An increasing number of American farmers have begun using tiny drones equipped with little video cameras to gather information about the health of their crops. Technically, these farmers are breaking the law because it is currently illegal to fly drones for commercial purposes without permission from federal authorities. Even though they could be subject to thousands of dollars in penalties, the benefits of using the drones to monitor their fields have these farmers willing to take the risk.
That may soon change for farmers across the nation. The Federal Aviation Administration recently proposed new rules that would ease the restrictions on flying drones for commercial purposes. A part of the regulations, the people operating the drones would have to undergo a certification process and would be restricted from operating the drones out of their line of sight. If the new rules are adopted, it could open up drone use for a number of industries.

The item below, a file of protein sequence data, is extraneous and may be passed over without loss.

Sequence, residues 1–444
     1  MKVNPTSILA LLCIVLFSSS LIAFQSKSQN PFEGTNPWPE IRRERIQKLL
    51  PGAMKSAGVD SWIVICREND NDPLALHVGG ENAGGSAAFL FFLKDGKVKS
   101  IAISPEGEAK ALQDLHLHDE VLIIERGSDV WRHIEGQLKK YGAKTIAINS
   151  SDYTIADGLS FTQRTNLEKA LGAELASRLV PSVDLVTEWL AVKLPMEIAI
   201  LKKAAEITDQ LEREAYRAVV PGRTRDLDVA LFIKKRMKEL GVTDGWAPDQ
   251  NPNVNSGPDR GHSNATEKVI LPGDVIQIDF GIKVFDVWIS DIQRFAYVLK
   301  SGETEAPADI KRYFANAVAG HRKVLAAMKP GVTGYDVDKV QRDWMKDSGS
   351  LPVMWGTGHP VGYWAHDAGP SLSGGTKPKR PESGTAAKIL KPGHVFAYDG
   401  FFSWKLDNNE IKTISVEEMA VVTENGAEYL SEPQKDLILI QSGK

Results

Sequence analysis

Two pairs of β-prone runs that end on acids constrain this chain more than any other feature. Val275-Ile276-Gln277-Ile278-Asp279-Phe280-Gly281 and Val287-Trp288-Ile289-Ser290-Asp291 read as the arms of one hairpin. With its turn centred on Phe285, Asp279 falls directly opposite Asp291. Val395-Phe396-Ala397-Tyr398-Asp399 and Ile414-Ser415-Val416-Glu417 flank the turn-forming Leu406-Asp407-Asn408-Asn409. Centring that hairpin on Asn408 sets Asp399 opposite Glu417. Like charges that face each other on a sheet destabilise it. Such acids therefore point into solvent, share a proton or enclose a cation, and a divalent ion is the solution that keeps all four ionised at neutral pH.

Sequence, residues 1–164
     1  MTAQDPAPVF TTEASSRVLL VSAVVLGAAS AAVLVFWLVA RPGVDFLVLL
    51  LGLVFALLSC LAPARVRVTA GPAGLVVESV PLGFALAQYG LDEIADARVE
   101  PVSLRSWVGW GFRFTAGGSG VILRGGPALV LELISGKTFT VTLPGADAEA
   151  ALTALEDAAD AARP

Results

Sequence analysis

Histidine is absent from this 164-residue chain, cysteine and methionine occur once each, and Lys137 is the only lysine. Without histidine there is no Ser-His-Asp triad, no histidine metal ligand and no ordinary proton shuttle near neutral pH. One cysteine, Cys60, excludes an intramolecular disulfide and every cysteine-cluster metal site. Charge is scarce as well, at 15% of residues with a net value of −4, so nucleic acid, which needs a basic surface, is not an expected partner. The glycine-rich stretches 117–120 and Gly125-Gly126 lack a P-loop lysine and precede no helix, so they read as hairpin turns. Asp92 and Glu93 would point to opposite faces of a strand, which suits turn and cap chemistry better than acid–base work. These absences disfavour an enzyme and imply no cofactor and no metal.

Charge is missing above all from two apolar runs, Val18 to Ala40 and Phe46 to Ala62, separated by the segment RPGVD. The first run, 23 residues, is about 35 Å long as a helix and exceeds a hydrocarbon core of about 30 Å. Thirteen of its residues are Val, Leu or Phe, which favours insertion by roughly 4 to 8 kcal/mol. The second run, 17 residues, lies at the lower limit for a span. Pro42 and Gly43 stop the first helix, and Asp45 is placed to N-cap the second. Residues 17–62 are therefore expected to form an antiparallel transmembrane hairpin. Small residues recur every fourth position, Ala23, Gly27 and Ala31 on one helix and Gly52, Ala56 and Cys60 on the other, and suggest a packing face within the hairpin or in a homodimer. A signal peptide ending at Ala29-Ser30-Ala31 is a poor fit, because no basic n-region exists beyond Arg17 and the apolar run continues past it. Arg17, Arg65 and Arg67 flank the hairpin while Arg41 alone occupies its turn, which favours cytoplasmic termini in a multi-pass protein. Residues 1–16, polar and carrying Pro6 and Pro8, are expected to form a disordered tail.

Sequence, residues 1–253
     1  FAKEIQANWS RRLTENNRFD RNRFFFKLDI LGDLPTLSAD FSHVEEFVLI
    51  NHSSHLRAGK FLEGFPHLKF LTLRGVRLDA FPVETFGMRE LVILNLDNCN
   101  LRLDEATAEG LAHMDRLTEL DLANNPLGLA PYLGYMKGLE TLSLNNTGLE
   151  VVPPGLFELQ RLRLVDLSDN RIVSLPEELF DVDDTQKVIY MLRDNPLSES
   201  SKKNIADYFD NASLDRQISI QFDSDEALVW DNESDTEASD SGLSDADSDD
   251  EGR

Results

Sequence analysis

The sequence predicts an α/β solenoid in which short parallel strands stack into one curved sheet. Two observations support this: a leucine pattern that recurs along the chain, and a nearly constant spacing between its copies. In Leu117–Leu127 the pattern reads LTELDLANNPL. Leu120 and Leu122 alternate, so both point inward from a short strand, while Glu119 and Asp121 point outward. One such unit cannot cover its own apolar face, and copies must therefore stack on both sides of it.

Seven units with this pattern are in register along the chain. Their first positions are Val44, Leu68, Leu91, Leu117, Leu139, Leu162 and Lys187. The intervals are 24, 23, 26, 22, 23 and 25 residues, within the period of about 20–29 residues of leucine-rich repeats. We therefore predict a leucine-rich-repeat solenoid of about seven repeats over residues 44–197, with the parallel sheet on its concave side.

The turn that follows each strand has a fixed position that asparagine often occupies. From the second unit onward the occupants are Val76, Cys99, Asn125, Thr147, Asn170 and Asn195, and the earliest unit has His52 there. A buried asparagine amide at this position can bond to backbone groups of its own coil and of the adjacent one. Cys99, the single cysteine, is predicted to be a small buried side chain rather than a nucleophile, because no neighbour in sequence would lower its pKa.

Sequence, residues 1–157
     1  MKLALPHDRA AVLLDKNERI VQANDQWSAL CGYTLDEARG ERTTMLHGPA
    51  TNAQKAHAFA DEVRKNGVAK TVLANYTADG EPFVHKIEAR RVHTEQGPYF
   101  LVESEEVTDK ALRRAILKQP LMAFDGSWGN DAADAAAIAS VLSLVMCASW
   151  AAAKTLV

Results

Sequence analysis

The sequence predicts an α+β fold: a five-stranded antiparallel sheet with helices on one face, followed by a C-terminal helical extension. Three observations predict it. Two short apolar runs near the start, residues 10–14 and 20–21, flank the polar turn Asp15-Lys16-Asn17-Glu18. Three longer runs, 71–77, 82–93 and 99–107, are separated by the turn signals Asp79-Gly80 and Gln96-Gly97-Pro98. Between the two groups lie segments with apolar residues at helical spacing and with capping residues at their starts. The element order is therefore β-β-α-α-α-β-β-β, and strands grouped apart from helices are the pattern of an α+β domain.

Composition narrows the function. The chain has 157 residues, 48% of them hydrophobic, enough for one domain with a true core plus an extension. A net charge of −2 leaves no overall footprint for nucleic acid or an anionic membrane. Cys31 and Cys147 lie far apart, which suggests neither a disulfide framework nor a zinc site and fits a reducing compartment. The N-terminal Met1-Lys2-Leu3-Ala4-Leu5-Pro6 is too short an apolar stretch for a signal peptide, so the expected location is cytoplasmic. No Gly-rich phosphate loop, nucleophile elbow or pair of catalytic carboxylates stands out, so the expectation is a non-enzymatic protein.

One industry that is very eager for the new rules to be adopted is the agriculture industry. According to a statement from the Association for Unmanned Vehicle Systems International, agriculture is expected to comprise nearly 80 percent of the market for commercial drone flights. One farmer estimated that using drones to pinpoint which parts of her fields needed fertilizer, water, weed killer or seed would save them tens of thousands of dollars in unnecessary costs.
Technology companies are quickly positioning themselves in anticipation of drones being used widely in commercial industries. Boulder, Colorado-based Agribotix reports that it has sold roughly 100 devices to farmers and crop consultants, along with services that read a drone’s digital files and uses them to create a map that delineates a field’s health by color. The maps help farmers make informed decisions about the best treatments for different areas of their fields, potentially increasing yields while keeping down costs.